Pros of private caregivers


  • You select your favorite and have the last word.

Choosing a private caregiver rather than an assisted living agency means a shift of lifestyle that is less dramatic and more relaxed, enabling seniors to preserve a sense of independence and stay put for a little longer. Once you hire a private caregiver, you are in charge of the selection process by testing the ground and personally qualifying candidates on their medical and daily life assistance skills. 


  • You can double-check formal training or certification.

Formal training and certification are essential for hiring a private caregiver. If you always doubted agencies that said check their backgrounds and skills thoroughly, this could be your chance to see it for yourself.


  • Private caregivers are an option when home care agencies are limited.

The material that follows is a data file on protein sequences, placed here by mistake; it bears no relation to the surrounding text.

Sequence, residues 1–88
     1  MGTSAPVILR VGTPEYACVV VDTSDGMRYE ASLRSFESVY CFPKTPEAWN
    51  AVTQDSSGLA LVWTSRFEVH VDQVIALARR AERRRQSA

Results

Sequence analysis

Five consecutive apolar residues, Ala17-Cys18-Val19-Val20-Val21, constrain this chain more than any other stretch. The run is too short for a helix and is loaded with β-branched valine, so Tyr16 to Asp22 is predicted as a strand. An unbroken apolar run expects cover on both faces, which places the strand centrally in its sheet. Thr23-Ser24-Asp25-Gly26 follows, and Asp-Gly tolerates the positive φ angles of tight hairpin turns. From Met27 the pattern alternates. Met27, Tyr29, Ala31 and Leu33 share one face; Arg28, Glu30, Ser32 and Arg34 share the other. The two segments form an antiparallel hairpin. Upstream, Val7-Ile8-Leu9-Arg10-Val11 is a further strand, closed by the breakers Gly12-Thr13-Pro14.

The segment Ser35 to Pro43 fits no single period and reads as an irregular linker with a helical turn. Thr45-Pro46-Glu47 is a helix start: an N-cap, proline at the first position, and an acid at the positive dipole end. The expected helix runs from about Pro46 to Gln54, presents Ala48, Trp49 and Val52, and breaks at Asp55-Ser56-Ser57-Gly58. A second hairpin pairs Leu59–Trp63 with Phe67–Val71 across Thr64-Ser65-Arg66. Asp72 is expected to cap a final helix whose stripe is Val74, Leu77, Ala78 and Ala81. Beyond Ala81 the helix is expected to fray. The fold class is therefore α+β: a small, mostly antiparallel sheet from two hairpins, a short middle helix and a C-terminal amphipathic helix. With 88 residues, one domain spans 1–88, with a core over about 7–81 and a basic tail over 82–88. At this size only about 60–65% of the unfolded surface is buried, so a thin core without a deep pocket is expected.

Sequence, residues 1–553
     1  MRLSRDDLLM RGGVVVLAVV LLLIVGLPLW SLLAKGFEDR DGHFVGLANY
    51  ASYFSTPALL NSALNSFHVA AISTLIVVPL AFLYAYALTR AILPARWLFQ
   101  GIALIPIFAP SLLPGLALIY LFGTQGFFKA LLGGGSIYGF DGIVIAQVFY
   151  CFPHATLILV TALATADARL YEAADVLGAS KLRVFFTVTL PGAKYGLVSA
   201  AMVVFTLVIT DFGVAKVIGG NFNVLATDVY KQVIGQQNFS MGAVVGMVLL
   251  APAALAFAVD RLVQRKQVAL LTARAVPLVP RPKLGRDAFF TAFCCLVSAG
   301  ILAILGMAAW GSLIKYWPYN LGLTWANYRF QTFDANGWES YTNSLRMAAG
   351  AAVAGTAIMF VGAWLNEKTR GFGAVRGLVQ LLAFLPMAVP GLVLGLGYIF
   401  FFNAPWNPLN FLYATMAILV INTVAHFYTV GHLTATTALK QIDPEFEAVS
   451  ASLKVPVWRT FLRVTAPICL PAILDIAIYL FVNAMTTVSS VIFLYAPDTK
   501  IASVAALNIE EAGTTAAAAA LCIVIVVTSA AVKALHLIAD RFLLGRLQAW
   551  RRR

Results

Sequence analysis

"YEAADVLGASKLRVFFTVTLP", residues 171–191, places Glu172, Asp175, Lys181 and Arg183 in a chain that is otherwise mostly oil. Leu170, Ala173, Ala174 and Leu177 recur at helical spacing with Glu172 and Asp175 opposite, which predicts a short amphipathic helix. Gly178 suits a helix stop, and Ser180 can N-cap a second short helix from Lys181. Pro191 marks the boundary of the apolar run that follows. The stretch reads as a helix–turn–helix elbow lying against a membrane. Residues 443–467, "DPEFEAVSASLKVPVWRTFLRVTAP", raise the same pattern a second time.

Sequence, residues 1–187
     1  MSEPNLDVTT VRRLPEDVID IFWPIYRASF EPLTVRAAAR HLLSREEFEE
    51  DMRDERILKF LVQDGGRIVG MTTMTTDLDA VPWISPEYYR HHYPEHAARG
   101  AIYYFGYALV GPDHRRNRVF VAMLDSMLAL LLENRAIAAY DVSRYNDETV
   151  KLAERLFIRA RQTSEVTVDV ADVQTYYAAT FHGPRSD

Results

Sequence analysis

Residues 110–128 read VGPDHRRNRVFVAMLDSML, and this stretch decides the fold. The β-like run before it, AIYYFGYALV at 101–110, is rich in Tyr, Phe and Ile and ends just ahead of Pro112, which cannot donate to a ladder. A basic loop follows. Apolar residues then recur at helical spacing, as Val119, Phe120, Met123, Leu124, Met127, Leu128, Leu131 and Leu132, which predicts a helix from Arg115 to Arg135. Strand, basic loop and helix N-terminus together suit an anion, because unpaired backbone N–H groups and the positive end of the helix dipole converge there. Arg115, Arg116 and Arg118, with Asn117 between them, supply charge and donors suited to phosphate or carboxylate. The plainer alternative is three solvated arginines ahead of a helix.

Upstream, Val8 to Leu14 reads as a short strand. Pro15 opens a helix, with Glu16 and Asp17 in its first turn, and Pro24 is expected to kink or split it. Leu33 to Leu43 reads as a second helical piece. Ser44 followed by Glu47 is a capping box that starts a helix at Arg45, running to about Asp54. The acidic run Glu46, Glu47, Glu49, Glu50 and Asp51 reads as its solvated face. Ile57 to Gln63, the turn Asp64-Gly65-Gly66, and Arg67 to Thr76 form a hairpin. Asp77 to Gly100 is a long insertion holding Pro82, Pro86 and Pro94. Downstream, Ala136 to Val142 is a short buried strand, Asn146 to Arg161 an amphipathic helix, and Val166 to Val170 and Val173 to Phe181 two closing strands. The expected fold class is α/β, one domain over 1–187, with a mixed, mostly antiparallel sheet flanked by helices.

Hiring a private caregiver or family caregiver is looking at the entire person's small details rather than the big-picture. This sort of personal long-term treatment and attention focused on health and safety offers welcome relief for many seniors. It is fundamental to always have an option in case of an emergency. Private caregivers can be available when home care agencies are limited in staff. 


  • Hiring a private caregiver is cheaper. 

A private caregiver is a qualified service provider, and not a family member. Suppose the relationship between the private caregiver and the client is not working out. In that case, seniors and their families can always hire someone else who might be a better fit, is way more reliable, and gives better assistance. This is one reason why it is cheaper to hire a private caregiver, as you offer caregivers a chance to work separately and have the opportunity to get higher pay.